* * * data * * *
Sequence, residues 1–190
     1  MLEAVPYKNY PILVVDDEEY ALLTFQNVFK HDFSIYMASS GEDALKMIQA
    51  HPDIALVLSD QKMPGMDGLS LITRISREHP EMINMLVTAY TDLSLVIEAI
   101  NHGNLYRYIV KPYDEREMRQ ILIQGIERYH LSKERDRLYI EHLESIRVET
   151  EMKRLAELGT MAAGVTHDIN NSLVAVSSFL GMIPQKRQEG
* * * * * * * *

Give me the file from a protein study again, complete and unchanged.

Sequence, residues 1–190
     1  MLEAVPYKNY PILVVDDEEY ALLTFQNVFK HDFSIYMASS GEDALKMIQA
    51  HPDIALVLSD QKMPGMDGLS LITRISREHP EMINMLVTAY TDLSLVIEAI
   101  NHGNLYRYIV KPYDEREMRQ ILIQGIERYH LSKERDRLYI EHLESIRVET
   151  EMKRLAELGT MAAGVTHDIN NSLVAVSSFL GMIPQKRQEG